6 August 2015
Singapore’s economy has registered dramatic growth in the last half century. This expansion has, however, come at a cost. It has been driven by the PAP which pays scant regard to democracy and the rights of Singaporeans. Because of this, problems have been emerging.
Income inequality, a dispirited workforce, the absence of an entrepreneurial class, our reputation as a tax haven, and the unhappiness of the local populace with the influx of foreign labour have raised questions about the sustainability of the country’s current economic model.
The SDP has drawn up an alternative economic programme to chart a different course for our economy. Our programme emphasises fairness and promotes equality and equal opportunity for all. It is one that is people-centric and has as its prime objective the well-being and happiness of Singaporeans. It is also an alternative that is both realistic and sustainable.
Our vision is to create an economic system that benefits all Singaporeans, one that makes our society more egalitarian by tapping on the people’s innovative best.We seek to level up society. We need a system that works for the people, not vice versa.
At a glance, this is the SDP’s plan:
Redefine economic progress
We propose an alternative indicator of economic progress. The PAP relies on GDP growth as a measure of society’s wellness. The problem is that GDP is a misleading indicator that does not take into account the cost (social, environmental and financial) of production. With an alternative index, such as the Genuine Progress Indicator (GPI), that comprehensively measures the cost and benefit of economic growth, we can better gauge the efficacy of our policies. Under our programme, the quality of life and overall happiness of our citizens will be the guiding factor for economic growth.
Reduce income inequality
As Singapore’s GDP growth rate rises, so has income inequality and poverty in the country. To ensure that workers are not exploited, we propose the legislation of a national minimum wage. Retrenchment insurance will also be introduced to provide retrenched workers with support while they look for re-employment.
Our workers’ productivity has been falling to dismal levels. To address this problem, we will work to ensure that our society is free and open so that innovation can thrive. Workers must be intrinsically motivated; only this will ensure that they excel in whatever they do and add value to the goods and services they produce. We also aim to cut down on importing cheap foreign labour and ensure that employers employ Singaporeans first. Only when local talent cannot be found should foreigners be employed.
Eliminate GLCs, increase SMEs
We aim to encourage enterprise by divesting inefficient government-linked companies (GLCs), which are competing with and slowing down the growth of our small and medium enterprises (SMEs), of their untouchable status. One effective way to help local SMEs grow is to reduce land costs and rentals. We will also work towards weaning our economy off its addiction to multinational corporations (MNCs).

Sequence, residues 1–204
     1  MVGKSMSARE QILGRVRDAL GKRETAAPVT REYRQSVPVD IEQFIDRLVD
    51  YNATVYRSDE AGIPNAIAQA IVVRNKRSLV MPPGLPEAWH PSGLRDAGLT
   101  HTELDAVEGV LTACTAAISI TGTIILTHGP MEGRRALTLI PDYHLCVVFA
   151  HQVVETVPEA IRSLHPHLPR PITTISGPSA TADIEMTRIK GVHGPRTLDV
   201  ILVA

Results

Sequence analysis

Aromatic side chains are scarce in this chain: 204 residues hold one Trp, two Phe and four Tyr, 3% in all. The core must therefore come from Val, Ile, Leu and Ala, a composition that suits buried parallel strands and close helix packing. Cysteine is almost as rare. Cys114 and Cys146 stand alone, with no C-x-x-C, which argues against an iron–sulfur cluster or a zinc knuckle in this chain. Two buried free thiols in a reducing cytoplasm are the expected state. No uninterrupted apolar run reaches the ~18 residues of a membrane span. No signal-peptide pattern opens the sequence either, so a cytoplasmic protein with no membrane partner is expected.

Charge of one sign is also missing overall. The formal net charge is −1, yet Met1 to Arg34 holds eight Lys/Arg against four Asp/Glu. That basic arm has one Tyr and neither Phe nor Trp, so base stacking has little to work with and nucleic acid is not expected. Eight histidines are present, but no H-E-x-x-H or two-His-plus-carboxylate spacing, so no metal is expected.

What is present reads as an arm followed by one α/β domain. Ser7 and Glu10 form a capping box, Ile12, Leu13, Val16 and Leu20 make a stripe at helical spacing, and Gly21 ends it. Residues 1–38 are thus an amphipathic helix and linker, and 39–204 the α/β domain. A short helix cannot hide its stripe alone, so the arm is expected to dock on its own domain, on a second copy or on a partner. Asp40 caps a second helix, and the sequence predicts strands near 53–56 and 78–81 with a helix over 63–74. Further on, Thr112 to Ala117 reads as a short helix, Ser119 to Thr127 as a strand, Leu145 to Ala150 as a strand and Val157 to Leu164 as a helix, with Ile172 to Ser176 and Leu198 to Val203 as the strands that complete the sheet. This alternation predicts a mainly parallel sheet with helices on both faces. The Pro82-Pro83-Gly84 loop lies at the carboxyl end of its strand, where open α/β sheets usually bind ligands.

Remake the GIC/Temasek model
Singapore’s reserves are, effectively, kept with the government through two conglomerates: the Government of Singapore Investment Corporation (GIC) and Temasek Holdings (TH). These entities are currently being run in a less than transparent manner. The SDP believes that our country’s reserves should work for the people, not the other way around. TH should be eliminated and the GIC’s operations must be made transparent and its accounts made public. The GIC must be restructured to function independently of the ruling party – no member of parliament or their relatives should hold governing positions in the company.
Increase social spending
We recommend allocating more resources to help the most vulnerable segments of our society. We believe that social welfare assistance for the poorest of our poor must increase in order to reduce poverty. The SDP does not advocate deficit spending on a continual basis, but we are convinced that the national budget for social programmes and health care must be increased in order to support the needy and elderly.
Abolish the CPF Minimum Sum Scheme
Retirees depend on their CPF savings to meet living expenses. Withholding their savings through the Minimum Sum Scheme is not only impractical but also immoral. The scheme must be abolished and the money returned to members when they turn 55 as originally promised.
Beyond a certain level, no amount of coercion can bring about higher-quality output and productivity. We must empower our workers and upgrade their minds and attitudes by returning them their freedom; it is when they feel a sense of belonging to society that they will be motivated to contribute more than what is asked of them.
Singapore needs a new economic model that will take us into a new era of sustainable growth – one that will allow us to compete on the international stage instead of consigning our workers to a cycle of working harder and longer for less and less; one that uplifts our people instead of dumbing them down; and one whose priority is the well-being of all Singaporeans, not just the rich.
We must work towards an enlightened economic system.
Read the full paper A New Economic Vision: Towards Innovation, Equal Opportunity and Compassion here.
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